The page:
SINGAPORE: The social services sector is poised to grow and respond to social needs more effectively, with the new Ministry of Social and Family Development (MSF) dedicated to such issues to be established in November.
The new ministry, born out of the current Ministry of Community Development, Youth and Sports (MCYS), was established partly in response to Singapore’s changing society.
The social fabric of Singapore has become more complex as society grapples with issues ranging from problem gambling and divorce to the income gap.
CEO of the National Volunteer & Philanthropy Centre and Nominated MP Laurence Lien said: "Singapore is in a social recession. I’ve mentioned about individual resilience coming under threat, families coming under threat. These are issues where there are no easy answers.
"Income inequalities have risen and quite often, the individuals and families face multiple issues, we need to improve the services serving those families."
The answers and solutions could soon come faster, given the spotlight that the new MSF will now cast on such issues.
The National Council of Social Service (NCCS) says the move to have a ministry which focuses on social and family development was well—received by ground agencies.
The sector is hoping to see procedures become more streamlined and the services extended to those in need become more targeted.
To achieve this, MSF should re—organise the social service sector and strengthen the social safety net.
CEO of NCCS Ang Bee Lian said: "We need to grow a broader social safety net that is more responsive to people who need help. We really need to grow the social service sector quite quickly. ... We need to really organise ourselves better, we need to also grow capabilities. By that I mean we need to grow organisational capabilities, both at the ministry and the ground agencies.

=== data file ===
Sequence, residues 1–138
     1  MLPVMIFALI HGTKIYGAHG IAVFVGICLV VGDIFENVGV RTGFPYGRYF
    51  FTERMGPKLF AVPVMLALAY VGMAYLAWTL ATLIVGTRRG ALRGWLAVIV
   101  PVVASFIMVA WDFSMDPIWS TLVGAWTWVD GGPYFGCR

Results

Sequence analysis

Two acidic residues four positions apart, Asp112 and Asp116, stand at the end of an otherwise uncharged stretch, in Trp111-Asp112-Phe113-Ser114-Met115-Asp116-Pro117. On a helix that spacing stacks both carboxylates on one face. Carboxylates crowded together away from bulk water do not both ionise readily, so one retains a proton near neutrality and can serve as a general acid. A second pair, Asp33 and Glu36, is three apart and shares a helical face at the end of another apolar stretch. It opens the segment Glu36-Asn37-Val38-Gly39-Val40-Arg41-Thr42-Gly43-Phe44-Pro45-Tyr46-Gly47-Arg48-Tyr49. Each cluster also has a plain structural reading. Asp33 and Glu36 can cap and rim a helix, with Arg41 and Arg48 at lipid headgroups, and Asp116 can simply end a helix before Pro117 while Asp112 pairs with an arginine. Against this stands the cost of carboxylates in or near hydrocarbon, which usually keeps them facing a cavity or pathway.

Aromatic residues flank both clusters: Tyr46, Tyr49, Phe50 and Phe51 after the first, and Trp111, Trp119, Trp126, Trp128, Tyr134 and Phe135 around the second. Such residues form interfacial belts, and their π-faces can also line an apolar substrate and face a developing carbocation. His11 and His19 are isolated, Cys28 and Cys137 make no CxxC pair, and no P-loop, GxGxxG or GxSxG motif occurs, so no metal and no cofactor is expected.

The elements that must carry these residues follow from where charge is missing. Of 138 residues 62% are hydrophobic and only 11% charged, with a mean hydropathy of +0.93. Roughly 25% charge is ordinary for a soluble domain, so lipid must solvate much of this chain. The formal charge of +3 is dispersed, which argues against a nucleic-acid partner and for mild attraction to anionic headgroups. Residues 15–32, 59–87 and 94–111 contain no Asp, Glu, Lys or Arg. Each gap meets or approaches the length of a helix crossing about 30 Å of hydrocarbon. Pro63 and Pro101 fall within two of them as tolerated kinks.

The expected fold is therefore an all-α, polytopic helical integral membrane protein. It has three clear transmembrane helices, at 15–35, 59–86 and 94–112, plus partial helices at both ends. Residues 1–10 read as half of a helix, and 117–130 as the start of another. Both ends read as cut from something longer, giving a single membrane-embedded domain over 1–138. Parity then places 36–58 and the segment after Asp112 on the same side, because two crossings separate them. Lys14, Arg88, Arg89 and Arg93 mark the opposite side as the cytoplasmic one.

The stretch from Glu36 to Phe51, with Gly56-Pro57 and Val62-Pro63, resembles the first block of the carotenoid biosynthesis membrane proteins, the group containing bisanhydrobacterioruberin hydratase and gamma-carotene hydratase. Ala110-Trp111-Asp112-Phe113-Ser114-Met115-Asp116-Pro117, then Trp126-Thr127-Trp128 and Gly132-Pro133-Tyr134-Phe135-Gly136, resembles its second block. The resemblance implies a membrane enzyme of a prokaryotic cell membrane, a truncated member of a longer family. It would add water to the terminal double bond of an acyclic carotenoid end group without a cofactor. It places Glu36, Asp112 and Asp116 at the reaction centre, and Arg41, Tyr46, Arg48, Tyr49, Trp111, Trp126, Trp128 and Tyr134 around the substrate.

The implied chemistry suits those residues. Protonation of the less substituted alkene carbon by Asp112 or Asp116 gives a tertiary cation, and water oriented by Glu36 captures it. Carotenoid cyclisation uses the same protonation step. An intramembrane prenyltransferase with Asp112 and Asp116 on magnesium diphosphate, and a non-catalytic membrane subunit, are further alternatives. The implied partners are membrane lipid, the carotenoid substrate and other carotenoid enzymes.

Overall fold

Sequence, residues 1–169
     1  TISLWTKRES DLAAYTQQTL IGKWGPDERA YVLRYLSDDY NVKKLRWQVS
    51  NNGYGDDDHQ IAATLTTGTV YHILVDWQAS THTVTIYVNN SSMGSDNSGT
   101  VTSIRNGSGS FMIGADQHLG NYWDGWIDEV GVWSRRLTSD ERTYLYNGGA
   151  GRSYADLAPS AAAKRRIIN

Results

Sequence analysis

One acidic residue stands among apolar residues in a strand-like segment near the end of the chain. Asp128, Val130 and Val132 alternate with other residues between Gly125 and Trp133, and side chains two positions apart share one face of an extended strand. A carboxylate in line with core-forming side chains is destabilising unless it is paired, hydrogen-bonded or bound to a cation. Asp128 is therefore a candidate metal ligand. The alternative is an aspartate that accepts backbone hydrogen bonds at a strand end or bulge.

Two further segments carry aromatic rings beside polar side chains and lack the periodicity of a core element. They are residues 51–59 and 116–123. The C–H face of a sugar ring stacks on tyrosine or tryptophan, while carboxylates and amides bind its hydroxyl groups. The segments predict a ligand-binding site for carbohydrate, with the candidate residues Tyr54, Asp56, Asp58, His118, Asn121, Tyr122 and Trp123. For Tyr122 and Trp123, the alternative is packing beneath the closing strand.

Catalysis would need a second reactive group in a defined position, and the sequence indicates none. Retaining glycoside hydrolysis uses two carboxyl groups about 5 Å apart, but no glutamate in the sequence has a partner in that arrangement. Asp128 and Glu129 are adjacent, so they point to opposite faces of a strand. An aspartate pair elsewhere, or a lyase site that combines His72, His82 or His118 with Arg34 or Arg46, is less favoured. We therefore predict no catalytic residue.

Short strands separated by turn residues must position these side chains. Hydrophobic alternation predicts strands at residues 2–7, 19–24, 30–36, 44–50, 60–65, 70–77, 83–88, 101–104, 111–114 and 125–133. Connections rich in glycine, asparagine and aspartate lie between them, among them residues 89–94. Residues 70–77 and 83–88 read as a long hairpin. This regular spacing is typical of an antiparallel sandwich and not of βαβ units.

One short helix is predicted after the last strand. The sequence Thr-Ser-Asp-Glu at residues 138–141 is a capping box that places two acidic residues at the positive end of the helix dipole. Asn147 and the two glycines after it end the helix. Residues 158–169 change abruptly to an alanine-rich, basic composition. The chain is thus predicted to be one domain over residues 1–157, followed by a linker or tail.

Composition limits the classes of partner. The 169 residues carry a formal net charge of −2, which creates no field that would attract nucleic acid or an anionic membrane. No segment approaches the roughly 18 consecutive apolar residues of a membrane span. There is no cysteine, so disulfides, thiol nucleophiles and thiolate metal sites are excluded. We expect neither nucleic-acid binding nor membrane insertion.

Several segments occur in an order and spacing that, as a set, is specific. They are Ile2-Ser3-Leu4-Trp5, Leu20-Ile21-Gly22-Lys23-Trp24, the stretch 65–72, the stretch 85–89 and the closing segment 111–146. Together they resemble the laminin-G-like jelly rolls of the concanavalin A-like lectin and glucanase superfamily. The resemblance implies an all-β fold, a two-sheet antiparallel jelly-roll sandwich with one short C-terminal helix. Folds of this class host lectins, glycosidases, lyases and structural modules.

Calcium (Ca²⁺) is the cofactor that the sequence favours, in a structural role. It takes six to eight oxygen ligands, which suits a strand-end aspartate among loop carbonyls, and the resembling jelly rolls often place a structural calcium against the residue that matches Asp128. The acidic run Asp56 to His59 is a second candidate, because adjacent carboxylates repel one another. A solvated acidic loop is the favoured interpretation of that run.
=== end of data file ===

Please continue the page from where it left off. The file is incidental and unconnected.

"What we hope to really see at the end of this whole reorganisation perhaps of the ministries, is that we want to be able to really help more people and help people better, want to be able to help people to use the help that is given to them in a more effective way."
Stakeholders also want to see greater strides taken to develop and keep families intact, as well as ensuring work—life balance.
Anita Fam, member of the National Family Council, said: I think in terms of intangibles in making families more resilient and I think in holding them together, it will solve a lot of the challenges we have, even the total fertility rate.
"A lot of families young couples are intimidated. They don’t know whether they have the bandwidth to support their children. They would love to have more children but they feel that they don’t have the time and they don’t have the energy. If we can create the added space for them to do that, I think it will be a job well done."
And that means finding fresh approaches and breaking new ground, in line with the overall effort to consult extensively.
MP for Tanjong Pagar GRC Indranee Rajah said: "People want a sense that the issues that they raise are genuinely considered and addressed. I don’t think people expect that 100 per cent of the time you’re able to give what is asked, but what people do expect is that if the answer is no, what are the reasons and to have a better understanding of that."
Member of the Government Parliamentary Committee for MCYS Ang Hin Kee wants the new MSF to look at measures to ensure better social mobility.
"There are emerging trends that we need to give attention to, for example single parents, reconstituted families, divorced families, Singaporean with foreign spouse and families where one or two parents are in prison," he said.
"In particular, their children should have support to access the same kind of opportunities that others have. These will ensure better social mobility, especially for future generations."
MORE SINGAPORE NEWS
Latest Photo Galleries on xinmsn
The Africa Yoga Project has introduced yoga to Kenya as a tool for social change, training over 100 instructors who offer free outreach clas... More The Africa Yoga Project has introduced yoga to Kenya as a tool for social change, training over 100 instructors who offer free outreach classes in community centers, slums, orphanages and prisons across the country. Duration: 02:38
Date 2 hrs ago, Views 0